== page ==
Ruchères in Savennières  is 0.4 ha in a southwest-facing amphitheater. It’s on purple schist (due to manganese). The wine has more amplitude than the cuvées from Quarts de Chaume. Coteau de Treilles spends two years in a mix of barrique, 400-liter barrels and demi-muids,  and then one year in stainless steel. It’s fine and silky with herbal intimations.

In the sweet wines, Les Quarts offers a classic impression of the Quarts de Chaume, with the balance between passerillage and botrytis depending on the year, but always showing depth. Rouère adds an extra layer of complexity.

Pithon-Paillé produced about an equal amount of wine from the domain and from a negociant activity, but Ivan has segregated the two activities and kept the name Pithon-Paillé for the negociant.

Tasting Notes on Barrel Samples

Anjou Blanc, Anjou Noir 2021 
2022-06-18     Very nice Anjou Blanc, quite fruity, still with just a touch of sweetness (it will be dry when fermentation completes).   87 Drink -2024

Anjou Blanc, Le Veau 2021 
2022-06-18    Nose is tight, almost austere, quite a contrast with Rouère, with a steely if not quite mineral impression on the finish. Quite a sense of tension here.   92 Drink -2028

Anjou Blanc, Les Quarts 2021 
2022-06-18    Almost smoky impression on nose, reserved and almost austere. A distinctly dry style, and at least at his stage, the most reserved of the trio.   92 Drink -2028

Anjou Blanc, Roncerets 2021 
2022-06-18    Faintly savory intimations to nose. Much more reserved on palate than Anjou Noir. Quite a subtle impression. Savory impressions strengthen on finish.   89 Drink -2026

Anjou Blanc, Rouère 2021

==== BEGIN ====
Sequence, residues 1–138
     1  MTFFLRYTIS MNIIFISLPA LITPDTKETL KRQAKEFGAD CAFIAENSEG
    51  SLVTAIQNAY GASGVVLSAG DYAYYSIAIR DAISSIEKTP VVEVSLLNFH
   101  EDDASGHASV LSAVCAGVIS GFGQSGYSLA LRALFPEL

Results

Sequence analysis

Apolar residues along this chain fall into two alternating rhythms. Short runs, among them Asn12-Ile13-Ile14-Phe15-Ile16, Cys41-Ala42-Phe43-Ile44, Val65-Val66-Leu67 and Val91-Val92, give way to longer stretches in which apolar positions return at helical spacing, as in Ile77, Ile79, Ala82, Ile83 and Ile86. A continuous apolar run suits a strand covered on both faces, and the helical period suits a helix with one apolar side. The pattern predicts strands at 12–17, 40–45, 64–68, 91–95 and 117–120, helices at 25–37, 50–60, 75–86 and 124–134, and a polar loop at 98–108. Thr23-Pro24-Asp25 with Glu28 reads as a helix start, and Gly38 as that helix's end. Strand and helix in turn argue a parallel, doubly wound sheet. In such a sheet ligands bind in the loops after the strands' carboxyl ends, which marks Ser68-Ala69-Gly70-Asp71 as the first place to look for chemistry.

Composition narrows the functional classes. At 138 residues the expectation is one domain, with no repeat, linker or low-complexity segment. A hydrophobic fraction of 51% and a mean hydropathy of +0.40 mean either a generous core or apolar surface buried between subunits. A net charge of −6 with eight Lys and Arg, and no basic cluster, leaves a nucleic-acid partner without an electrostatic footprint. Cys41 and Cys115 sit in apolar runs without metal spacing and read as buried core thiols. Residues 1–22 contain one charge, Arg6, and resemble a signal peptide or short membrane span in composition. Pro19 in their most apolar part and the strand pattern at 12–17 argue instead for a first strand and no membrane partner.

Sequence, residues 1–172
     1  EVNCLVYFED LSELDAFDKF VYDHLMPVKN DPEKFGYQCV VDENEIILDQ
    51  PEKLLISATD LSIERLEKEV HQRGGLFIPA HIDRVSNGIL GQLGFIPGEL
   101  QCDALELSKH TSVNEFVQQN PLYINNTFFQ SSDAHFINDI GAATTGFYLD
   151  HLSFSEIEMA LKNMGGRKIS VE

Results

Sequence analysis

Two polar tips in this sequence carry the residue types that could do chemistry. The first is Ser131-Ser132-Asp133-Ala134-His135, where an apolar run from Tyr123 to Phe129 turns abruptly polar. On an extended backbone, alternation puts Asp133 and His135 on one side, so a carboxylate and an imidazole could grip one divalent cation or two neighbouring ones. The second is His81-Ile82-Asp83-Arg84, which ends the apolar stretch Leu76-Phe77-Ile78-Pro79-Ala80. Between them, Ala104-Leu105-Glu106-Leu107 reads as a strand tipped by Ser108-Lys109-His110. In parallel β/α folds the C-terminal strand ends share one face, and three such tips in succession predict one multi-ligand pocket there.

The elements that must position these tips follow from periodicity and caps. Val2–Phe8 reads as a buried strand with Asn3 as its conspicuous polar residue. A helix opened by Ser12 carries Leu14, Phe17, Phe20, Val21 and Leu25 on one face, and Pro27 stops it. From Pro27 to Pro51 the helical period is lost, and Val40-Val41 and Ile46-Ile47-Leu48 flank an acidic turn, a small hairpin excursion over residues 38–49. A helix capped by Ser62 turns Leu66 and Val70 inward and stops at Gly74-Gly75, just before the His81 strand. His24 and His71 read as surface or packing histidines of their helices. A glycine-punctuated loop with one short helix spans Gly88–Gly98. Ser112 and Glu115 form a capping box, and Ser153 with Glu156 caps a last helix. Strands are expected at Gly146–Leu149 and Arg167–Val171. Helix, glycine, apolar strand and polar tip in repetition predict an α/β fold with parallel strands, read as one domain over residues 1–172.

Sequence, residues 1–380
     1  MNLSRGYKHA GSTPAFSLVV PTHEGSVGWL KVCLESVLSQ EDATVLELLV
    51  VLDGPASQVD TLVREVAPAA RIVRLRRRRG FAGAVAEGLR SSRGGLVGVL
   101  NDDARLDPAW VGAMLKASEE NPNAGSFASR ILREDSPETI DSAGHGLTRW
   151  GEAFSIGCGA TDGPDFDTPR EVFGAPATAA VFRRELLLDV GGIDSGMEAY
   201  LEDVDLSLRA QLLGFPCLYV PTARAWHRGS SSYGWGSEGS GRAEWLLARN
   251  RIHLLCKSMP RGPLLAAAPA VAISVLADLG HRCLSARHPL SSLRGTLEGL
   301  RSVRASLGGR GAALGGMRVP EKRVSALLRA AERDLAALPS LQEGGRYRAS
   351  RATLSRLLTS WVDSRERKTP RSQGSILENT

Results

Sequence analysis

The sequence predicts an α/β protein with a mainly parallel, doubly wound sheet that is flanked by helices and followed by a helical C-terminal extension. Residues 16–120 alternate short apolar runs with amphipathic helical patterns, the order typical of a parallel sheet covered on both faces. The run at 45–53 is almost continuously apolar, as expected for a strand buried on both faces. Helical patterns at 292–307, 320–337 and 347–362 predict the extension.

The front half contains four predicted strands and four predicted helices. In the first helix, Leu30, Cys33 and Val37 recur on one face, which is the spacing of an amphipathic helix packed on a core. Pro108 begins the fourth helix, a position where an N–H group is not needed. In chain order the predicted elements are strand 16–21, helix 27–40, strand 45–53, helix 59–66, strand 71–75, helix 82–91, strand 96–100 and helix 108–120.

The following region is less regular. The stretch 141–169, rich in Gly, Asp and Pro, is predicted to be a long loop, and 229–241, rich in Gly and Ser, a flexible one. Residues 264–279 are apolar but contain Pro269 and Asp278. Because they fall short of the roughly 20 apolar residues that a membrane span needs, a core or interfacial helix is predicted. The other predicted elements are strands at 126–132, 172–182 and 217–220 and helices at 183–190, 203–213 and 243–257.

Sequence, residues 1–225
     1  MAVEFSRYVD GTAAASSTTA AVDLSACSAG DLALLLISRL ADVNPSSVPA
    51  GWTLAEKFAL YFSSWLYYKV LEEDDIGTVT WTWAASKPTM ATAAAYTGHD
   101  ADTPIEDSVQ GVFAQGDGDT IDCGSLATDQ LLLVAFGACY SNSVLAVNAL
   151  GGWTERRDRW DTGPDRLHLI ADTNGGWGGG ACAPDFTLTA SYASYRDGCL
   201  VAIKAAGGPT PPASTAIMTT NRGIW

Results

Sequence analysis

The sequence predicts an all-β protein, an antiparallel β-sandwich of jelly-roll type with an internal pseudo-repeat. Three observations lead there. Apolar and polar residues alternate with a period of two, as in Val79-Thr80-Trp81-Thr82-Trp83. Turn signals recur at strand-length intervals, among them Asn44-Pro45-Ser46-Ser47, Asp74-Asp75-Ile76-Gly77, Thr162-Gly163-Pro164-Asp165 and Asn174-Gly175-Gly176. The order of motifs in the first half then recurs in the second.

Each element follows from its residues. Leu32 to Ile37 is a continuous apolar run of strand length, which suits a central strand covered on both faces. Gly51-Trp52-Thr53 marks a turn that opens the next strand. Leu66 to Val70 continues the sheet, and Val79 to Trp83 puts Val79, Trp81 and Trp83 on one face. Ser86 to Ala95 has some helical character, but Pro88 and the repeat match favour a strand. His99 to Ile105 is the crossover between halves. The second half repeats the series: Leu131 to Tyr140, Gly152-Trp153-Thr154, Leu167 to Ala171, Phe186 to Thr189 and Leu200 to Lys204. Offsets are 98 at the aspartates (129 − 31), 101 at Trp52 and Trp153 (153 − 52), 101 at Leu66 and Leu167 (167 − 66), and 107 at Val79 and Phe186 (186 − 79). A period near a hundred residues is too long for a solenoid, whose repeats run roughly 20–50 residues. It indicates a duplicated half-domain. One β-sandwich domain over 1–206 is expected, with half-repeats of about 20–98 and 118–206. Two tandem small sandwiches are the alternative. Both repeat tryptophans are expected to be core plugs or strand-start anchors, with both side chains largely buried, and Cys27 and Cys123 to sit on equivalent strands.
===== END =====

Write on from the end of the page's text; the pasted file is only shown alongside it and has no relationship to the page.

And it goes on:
2022-06-18    Barrel sample, with 1.5g residual sugar as fementation not finished yet. tone fruits on nose follow to palate, no perceptible sweetness but some softening from the residual sugar but “wines from the pudding stones are always larger,” Adrien says. 14.0%   90 Drink -2028

Quarts de Chaume, Les Quarts 2021 
2022-06-18    Very complex nose mingles smoke, spie, honey, enormously flavorful, sweetness cut by a little piquancy. Very honeyed but still offers a pure expression of Chenin Blanc. Very long finish redolent with figs and apricots. 190g   94 Drink -2035

Quarts de Chaume, Rouère 2021 
2022-06-18    Herbal notes of sweet thyme and rosemary add to the white stone fruits of Les Quarts. “Les Quarts is more strightforward,” Adrien says. Melange of spicy fruits, bitter orange, and marmalade. 210g    95 Drink -2040

Anjou Blanc, Coteau de Treilles 2020 White
2022-06-18    Reserved nose is faintly smoky. Ripe fruits are very fine and silky on palate, with stone fruit impressions favoring peaches, and some herbal impressions adding complexity.   Belargus 93 Drink -2028

Savennières, Ruchères 2020 White
2022-06-18    Spicy nose leads into slightly spicy, slightly smoky palate, fruits showing more as whit stone than citrus. Good expression of the appellation.   Belargus 91 Drink -2028

Vin de France, Voile 2019 White
2022-06-18    Unclear actually what category this would be if it’s ever commercialized. It started out as a dry Quarts de Chaume before it continued development under a layer of yeast (the voile). Powerful nose in style of sherry or vin jaune. Palate has more softness than either of those as it seems to have more glycerin (perhaps difference is due to whatever particular yeast form the voile here). It’s quit subtle on the palate but shows some force retronasally. 16.5%   Belargus Drink -null

1 thought on “Belargus: the Heresy of Dry Wine in Quarts de Chaume

  1. I believe that Ivan Massonnat will be the engine that the rest of Anjou Noir will attach themselves to. Walked to the top of Coteaux de Treilles with Ivan in 43°C heat. What a great location for a vineyard, just not so great for the vineyard workers.
    By the way, perhaps you got a bit confused with Volnay Ronceret premiere Cru, but the wine is Ronceray, not Roncerets.